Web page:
West Nile virus – Symptoms and treatment
Most (80 per cent) people who become infected with West Nile virus (WNv) have no symptoms. When infection does cause illness, symptoms will usually appear within 2–14 days. Symptoms vary from person to person.
- In cases of West Nile Non-Neurological Syndrome (formerly known as West Nile fever) symptoms can include fever, severe headache, chills and body aches.
- Some people may also develop a rash, or swollen lymph glands.
In more severe cases, known as West Nile Neurological Syndrome, symptoms include the rapid onset of severe headache, high fever, nausea, difficulty swallowing, vomiting, drowsiness, confusion, decreased level of consciousness, tremors, lack of coordination, muscle weakness and paralysis.
- Anyone who has a sudden onset of these symptoms should seek immediate medical attention.
In rare cases, these conditions can be fatal. Persons over 50 years and individuals with weaker immune systems are at greater risk of developing more severe symptoms and health effects that are more serious.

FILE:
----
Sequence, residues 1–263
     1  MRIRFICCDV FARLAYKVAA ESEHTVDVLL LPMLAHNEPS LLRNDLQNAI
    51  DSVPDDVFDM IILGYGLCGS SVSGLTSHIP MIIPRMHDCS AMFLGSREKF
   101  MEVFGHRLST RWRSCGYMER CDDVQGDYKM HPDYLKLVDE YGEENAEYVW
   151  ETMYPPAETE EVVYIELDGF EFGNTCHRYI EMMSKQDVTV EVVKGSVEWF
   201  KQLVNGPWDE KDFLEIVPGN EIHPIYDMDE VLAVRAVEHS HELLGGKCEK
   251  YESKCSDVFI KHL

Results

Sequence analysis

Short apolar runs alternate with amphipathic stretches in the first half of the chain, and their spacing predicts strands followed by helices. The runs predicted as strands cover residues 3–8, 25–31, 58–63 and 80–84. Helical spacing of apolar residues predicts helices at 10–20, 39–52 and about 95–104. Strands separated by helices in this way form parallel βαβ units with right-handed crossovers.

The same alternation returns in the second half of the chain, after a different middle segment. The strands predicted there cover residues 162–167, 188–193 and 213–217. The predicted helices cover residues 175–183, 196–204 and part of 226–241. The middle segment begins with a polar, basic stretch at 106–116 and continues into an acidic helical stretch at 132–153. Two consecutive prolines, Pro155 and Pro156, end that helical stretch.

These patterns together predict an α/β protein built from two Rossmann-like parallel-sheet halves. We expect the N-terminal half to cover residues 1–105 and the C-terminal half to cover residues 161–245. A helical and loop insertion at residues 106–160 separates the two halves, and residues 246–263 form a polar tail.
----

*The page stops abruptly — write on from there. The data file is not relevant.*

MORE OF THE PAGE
Because WNv is an emerging disease, the long-term effects are not fully understood. Studies to date show that some people with serious symptoms and health effects recover completely, while others experience prolonged health problems. These problems can include:
- Physical effects such as long-term muscle weakness and paralysis;
- Fatigue and headache;
- Cognitive effects, such as confusion, depression, problems with concentration and memory loss;
- Functional effects, such as difficulty with preparing meals, going out and shopping.
Scientists do not know why some people recover while others continue to have varying degrees of health problems.
There is no specific treatment, medication, or cure for WNv West Nile Non-Neurological Syndrome (formerly known as West Nile fever) or neurological syndrome.
Serious cases may require hospital or nursing care and are treated with supportive therapies to ease symptoms and prevent secondary infections.